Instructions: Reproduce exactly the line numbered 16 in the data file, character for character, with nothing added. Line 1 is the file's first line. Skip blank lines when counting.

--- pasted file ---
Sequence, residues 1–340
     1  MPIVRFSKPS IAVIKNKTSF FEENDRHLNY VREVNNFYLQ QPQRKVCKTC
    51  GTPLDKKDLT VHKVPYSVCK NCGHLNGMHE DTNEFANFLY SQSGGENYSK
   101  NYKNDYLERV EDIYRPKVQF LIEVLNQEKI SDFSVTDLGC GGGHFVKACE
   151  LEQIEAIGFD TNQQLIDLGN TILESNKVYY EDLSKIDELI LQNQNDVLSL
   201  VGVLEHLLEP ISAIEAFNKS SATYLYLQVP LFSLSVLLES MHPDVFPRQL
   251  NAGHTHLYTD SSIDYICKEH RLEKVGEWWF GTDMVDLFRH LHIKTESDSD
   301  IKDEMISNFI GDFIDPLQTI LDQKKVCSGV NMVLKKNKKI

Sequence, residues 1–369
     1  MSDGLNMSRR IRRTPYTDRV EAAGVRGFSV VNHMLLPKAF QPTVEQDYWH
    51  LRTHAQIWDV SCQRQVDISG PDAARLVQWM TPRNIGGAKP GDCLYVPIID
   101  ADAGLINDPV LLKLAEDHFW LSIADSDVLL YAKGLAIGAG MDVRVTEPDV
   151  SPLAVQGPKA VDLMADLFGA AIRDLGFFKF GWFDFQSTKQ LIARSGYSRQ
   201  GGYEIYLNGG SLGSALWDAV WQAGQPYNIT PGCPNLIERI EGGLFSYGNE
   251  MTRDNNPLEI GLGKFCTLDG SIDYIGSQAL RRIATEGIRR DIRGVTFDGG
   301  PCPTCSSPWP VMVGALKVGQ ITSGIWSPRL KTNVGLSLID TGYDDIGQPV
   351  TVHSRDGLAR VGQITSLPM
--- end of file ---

   301  PCPTCSSPWP VMVGALKVGQ ITSGIWSPRL KTNVGLSLID TGYDDIGQPV